Shhh! No phone chatter at PGA
KIAWAH ISLAND — You can bring your cellphone to the PGA, but if it rings on the course or you pull it out and start babbling, the phone police will get you.
Teed off about rain? Find out how weather might affect the PGA Championship
If rain continues at the Ocean Course, here’s what might be ahead for the PGA Championship:
The PGA Championship has been forced to a Monday finish three times in the past 36 years (2005, 1986 and 1976).
The PGA has never been cut to 54 holes since going to stroke play in 1958.
Play is suspended often due to weather, with players forced to play more than 18 holes in one day.
Read more about how the rain will affect the tournament on C1.
Tournament workers will be out in force walking with the crowds today to uphold the “no-chatting, no photograph” rule for most parts of the play grounds.
Texting and tweeting, however, are allowed — if done silently.
The phone gangs will be easy to spot: they’ll be the ones in the red caddie bibs.
The rules are this: Get caught once and the enforcers will mark a kindly “W” on your entry ticket denoting you’ve been issued a warning.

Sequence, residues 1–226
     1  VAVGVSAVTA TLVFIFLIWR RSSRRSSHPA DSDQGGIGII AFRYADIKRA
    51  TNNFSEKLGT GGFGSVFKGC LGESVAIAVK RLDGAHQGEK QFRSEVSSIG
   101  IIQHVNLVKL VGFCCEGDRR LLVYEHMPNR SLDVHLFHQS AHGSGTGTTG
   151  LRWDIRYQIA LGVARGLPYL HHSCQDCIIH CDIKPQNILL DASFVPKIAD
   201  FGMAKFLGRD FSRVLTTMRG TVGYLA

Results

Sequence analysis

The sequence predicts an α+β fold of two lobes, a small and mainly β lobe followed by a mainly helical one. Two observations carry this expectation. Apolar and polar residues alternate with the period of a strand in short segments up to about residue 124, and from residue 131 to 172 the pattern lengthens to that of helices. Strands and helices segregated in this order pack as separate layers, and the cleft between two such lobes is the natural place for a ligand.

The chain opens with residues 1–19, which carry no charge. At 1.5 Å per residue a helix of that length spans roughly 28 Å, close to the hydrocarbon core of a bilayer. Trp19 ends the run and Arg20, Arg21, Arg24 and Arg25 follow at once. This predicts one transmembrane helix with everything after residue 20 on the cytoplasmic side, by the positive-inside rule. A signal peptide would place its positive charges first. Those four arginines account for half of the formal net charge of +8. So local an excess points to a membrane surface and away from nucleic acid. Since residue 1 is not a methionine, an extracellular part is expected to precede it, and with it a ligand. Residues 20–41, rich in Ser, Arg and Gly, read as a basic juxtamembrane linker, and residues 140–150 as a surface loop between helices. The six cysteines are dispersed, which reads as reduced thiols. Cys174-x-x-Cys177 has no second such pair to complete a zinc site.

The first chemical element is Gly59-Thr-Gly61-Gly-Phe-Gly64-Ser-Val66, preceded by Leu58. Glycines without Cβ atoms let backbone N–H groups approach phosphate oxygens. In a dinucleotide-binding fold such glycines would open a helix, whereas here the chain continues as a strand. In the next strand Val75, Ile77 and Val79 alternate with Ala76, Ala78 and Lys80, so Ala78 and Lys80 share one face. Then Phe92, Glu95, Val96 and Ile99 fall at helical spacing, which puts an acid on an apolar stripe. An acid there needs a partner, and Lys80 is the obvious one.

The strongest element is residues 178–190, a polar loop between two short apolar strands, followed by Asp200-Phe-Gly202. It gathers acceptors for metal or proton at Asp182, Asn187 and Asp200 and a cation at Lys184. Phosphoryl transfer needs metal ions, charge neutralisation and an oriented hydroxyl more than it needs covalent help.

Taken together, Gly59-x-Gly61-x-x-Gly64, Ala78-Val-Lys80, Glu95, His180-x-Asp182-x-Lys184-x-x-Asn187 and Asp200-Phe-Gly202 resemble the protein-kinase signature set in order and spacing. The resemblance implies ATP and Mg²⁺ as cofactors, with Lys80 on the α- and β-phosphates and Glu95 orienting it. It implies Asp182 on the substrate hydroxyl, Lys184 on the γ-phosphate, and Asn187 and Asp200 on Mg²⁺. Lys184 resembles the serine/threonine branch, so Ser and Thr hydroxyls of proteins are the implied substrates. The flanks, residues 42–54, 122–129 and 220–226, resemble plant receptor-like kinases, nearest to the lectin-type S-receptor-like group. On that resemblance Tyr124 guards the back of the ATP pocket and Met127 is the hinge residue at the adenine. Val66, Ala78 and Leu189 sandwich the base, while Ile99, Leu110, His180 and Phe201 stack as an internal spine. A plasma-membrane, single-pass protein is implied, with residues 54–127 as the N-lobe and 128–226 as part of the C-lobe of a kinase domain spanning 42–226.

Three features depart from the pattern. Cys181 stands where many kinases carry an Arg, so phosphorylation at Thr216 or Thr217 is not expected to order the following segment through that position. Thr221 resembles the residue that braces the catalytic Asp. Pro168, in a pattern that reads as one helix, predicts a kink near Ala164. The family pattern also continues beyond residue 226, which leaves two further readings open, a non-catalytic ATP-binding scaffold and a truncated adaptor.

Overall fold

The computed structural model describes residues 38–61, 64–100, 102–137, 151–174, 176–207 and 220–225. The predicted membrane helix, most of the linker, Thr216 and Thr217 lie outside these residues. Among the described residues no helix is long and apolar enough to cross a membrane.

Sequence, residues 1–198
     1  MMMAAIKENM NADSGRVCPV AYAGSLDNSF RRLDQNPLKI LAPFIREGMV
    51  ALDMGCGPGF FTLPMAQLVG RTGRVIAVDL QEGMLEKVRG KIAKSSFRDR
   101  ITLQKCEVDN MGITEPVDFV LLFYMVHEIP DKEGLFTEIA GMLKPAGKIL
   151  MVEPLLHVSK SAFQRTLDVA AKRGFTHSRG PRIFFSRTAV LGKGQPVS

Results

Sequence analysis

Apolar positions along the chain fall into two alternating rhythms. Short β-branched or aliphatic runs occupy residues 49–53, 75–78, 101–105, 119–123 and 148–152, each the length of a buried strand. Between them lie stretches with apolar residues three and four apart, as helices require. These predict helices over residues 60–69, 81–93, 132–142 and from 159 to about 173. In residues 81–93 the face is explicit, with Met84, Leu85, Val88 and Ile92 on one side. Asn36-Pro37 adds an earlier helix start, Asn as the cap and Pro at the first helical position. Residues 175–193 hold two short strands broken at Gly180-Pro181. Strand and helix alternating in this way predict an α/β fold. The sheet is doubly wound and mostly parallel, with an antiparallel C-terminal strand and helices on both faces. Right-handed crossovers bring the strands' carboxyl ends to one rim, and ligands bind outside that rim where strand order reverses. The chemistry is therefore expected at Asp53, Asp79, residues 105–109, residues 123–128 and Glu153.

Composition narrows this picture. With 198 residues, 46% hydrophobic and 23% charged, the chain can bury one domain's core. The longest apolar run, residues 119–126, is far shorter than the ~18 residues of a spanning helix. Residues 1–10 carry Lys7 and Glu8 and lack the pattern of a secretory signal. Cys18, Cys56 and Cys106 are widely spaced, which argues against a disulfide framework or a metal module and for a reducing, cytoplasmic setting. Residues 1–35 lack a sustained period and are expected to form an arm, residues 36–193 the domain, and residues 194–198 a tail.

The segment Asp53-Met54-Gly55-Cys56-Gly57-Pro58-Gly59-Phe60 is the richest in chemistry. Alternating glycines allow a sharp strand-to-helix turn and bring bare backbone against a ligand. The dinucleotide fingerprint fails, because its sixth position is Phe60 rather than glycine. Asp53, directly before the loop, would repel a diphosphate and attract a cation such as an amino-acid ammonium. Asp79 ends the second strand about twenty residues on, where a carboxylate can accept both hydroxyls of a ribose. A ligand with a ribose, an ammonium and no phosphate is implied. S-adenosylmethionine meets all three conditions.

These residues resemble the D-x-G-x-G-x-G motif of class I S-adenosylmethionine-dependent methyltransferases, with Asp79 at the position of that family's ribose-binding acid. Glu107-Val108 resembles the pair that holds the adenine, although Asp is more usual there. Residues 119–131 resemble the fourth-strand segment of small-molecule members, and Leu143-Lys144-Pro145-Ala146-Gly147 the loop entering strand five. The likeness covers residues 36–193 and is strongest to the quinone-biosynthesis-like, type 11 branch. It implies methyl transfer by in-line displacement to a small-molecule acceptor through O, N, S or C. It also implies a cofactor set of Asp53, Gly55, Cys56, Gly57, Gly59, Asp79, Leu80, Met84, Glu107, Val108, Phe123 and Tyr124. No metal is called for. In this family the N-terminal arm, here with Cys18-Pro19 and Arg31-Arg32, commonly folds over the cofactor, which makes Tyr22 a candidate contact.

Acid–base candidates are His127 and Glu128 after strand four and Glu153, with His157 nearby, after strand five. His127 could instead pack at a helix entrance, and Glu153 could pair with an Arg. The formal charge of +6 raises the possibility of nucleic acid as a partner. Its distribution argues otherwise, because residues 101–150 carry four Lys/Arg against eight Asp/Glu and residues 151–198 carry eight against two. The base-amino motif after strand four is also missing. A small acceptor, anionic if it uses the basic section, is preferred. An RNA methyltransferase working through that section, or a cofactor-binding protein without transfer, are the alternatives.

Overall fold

Get caught again and they’ll take your phone away. You’ll be able to get it back, though, but it means going to a trailer at the entrance/exit way.
PGA officials said the 10 or so marked “phone-use zones” set up around the course and away from the play area should suffice for anyone in dire need of making or taking a call.
“Phones ringing, or taking a photo can really affect play,” said Brett Sterba, championship director.
Not all forms of communication are taboo during the Thursday-through-Sunday rounds. The PGA will allow you to use hand-held devices on the course — as long as they’re quiet on mute or vibrate and not for photographs — for texting, emailing, using social media such as Facebook or tweeting.
You also can download the PGA course phone app, which officials are encouraging patrons to do.
Sterba also stressed that no private photography will be allowed during the competition.
The rules may alter how thousands of people rely on cell usage, but some of those on the course Wednesday said they’d adjust to see the championship play.
“It’s hard not to be on my cellphone,” said Citadel cadet Derek Dickey of Columbia, who said he’s always either calling work or his girlfriend.
“But for this, yeah,” he said about making do.